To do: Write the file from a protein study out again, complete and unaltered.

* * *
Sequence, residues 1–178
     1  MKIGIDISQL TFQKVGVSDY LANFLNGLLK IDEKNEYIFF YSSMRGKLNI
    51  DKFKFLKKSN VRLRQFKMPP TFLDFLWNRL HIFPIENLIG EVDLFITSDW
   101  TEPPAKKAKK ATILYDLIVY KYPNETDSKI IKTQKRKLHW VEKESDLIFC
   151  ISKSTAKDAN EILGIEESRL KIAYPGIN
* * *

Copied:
Sequence, residues 1–178
     1  MKIGIDISQL TFQKVGVSDY LANFLNGLLK IDEKNEYIFF YSSMRGKLNI
    51  DKFKFLKKSN VRLRQFKMPP TFLDFLWNRL HIFPIENLIG EVDLFITSDW
   101  TEPPAKKAKK ATILYDLIVY KYPNETDSKI IKTQKRKLHW VEKESDLIFC
   151  ISKSTAKDAN EILGIEESRL KIAYPGIN